Mission Setting 2018 and Beyond

mission

We’re well underway past the euphoria of the new year 2018.

That means you’ve made New Year’s Resolutions, goals and…are making healthy progress towards them.

Oh, wait, you’re not? Yes, you should feel bad if you haven’t made goals/resolutions or made any progress.

JUST KIDDING!!

In fact, let’s be contrarian and do the opposite of the masses with the same-old resolutions (like ‘get in shape’, ‘be more positive’, or ‘get a girlfriend’).

Building a “Mission”

Instead, why not scare yourself a little and think up of an ongoing mission? Remember Star Trek? The mission was simple:

“To go where no one has gone before”. And this was an ongoing mission for the crew of the starship Enterprise:

[youtube https://www.youtube.com/watch?v=qvX5tCo6FeM?start=42&w=560&h=315]

Goals vs Missions

While having goals or resolutions can be beneficial, more harm can come from them if you fail to reach them or suck at making them. Besides, it can be a bore to make them. If you ‘google’ goals or resolutions, you’ll undoubtedly read tonnes of blog posts about making your goals “S.M.A.R.T.”

Maybe we can take ourselves 20,000 kilometers above by creating a mission for ourselves. It’s scary, exciting and best of all, it can be your guiding light that lasts you at least a few years.

Let’s say you’re an aspiring architect. You’ve travelled afar, seen cool buildings, stared in amazement at what has been erected. You think and dream: “Why not me?”

Or you’re in this funk of quiet desperation. You have a gig, or a job…yet inside yourself you are tearing up, thinking “is this it?!”

You need a mission. Unlike the ones you see on TV or the movies (think Jack Ryan, Jack Bauer or that Tomb Raider chick), your mission is long-lasting. It’s not capture-the-flag-and-you’re done. No, it’s something that should guide you in what you DO, day-in, month-in, and year-out.

So how do you start?

Ponder on these questions:

  1. What do you want? (E.g. money? Trophy spouse? Explore the world? Free time?)
  2. Who are YOU? (E.g. What are your strengths? Where do you go wrong? What habits do you want to adopt? How would your friends/colleagues/family describe you in 30 seconds?)
  3. What activities or accolades have you DREAMED about doing or achieving? (And what does mean – is it something you really want or is it something society-at-large says you should do)
  4. What are behaviors or goals that you “should” be doing? (Note – include items that typically do NOT reflect what you really want – e.g. “I should be married by now” or “I should strive to make partner at my firm”)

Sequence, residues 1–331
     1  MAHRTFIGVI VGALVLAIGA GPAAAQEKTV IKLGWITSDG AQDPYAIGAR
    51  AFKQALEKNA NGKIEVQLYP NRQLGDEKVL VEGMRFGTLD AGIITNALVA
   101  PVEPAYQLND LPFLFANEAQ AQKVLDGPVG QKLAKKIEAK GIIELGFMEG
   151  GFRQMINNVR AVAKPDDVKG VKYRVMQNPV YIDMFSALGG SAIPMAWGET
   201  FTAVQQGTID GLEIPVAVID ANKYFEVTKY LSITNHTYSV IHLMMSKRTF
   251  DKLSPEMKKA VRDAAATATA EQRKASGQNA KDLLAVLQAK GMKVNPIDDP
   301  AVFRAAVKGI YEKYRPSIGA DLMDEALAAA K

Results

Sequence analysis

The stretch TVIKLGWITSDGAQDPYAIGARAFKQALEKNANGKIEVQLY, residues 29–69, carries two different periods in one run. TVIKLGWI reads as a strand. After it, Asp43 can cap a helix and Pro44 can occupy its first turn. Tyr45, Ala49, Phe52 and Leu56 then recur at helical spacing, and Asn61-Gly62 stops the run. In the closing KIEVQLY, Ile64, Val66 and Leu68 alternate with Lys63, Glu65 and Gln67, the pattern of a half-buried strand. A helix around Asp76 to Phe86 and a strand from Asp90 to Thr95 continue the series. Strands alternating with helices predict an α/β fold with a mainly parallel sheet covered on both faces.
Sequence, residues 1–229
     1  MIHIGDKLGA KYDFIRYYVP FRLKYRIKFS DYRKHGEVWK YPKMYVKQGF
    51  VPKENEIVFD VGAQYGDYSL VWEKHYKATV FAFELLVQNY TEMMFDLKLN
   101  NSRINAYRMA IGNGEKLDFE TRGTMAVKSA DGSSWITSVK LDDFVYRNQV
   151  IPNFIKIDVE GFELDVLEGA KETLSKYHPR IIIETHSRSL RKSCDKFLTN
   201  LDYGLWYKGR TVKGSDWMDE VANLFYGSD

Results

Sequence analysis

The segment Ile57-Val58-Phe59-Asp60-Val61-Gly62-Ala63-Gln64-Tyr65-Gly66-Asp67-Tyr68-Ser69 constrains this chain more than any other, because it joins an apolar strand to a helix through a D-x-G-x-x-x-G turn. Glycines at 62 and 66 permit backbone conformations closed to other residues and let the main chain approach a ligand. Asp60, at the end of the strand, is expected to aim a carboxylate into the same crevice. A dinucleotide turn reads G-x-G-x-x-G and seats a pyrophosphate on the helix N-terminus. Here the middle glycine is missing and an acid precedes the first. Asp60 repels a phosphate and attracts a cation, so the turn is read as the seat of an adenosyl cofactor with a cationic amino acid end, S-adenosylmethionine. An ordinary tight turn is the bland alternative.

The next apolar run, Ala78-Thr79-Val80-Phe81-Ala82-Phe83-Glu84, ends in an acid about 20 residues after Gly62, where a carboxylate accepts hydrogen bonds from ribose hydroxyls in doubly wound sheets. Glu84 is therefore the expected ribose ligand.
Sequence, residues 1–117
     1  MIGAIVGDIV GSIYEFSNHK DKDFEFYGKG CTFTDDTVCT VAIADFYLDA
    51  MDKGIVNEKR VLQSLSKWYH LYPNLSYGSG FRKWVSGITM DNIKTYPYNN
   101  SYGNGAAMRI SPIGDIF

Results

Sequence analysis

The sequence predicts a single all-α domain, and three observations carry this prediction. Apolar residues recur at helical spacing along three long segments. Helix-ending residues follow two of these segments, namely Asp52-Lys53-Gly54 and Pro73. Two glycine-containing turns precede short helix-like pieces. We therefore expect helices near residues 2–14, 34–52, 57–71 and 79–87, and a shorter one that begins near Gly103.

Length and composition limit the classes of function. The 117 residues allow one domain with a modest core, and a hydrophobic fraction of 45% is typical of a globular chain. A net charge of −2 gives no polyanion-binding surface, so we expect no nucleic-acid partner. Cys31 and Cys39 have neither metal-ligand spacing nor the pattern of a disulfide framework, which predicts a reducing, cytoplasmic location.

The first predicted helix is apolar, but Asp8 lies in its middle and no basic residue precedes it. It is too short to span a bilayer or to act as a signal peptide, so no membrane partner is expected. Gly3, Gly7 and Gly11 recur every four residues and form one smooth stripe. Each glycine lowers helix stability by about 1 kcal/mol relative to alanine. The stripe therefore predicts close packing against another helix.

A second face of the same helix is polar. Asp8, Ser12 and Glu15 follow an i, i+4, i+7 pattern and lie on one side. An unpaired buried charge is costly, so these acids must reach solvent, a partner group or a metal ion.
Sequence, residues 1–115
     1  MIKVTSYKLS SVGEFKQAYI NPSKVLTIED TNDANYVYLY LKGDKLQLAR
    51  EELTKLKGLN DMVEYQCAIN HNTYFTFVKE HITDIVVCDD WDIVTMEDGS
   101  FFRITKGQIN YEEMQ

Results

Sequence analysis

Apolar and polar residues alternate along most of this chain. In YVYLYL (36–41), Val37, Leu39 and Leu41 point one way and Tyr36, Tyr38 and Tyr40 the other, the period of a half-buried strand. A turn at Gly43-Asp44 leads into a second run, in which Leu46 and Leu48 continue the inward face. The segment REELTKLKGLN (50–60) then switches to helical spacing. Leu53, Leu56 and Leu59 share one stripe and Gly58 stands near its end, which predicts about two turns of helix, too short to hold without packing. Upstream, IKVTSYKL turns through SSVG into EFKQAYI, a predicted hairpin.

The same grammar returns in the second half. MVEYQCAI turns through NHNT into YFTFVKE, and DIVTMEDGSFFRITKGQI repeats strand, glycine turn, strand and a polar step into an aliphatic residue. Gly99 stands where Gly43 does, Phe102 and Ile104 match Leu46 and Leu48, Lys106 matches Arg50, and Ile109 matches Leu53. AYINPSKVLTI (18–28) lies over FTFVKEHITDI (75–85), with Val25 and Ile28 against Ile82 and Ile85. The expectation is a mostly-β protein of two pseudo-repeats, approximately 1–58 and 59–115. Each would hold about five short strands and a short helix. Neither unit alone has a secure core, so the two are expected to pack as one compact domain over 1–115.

5. From the list you created in 4), which ones make you cringe? Which ones light a fire under your butt?

You should aim to jot down 5 to 10 points for each of the above questions. Then, take a break. Do something else (like wash the dishes, watch TV, or whatever else). Come back to your answers later (even the next day).

Now, look for connections, recurring themes, revelations. From this, you can craft your own personal mission.

By way of example, here’s a simple ‘good vs bad’ for Socially Upward:

  • “To get 500 new readers to sociallyupward.com by April 30, 2018”.
    • COMMENT: Sure, this is a nice goal but it’s NOT a mission.
  • “To find new readers wherever I can and let them know how they too can live a socially upward lifestyle.”
    • COMMENT: This is decent and it’s a working draft of the mission statement for SociallyUpward.com

So now your turn:

Come up with your own mission. And feel free to write down your (draft) mission in the comments section below. We’re in this together!

Oh, and if you’re still hung up on New Year’s resolutions… the Asian Lunar New Year is coming up later in February!!

2 comments

  1. Sterling W. Rothschild says:

    Great description – and you’re right. It’s okay to have Goals (short term)and Missions (long term). I think some folks are stuck on what they really love, what they really want in life. That’s something to explore

    But I would distinguish between strengths and who you really are. They can be separate: Tall athletic girl that finds sports easy is her strength but she still might hate sports and love music instead.

    1. Johnny Elle says:

      Hi Sterling:
      Thx for your input.
      Yes, even if you’re good at something (like doing spreadsheets, or reading contracts), doesn’t mean that is who you are. It can, however, inform you into what it is you seek for your mission. And give you clues transferring those skills into your mission. If you’re good at finding the hidden meaning in numbers from spreadsheets, maybe that means you’re an explorer type or you have a “thing” for detective work…or turning around unprofitable businesses.

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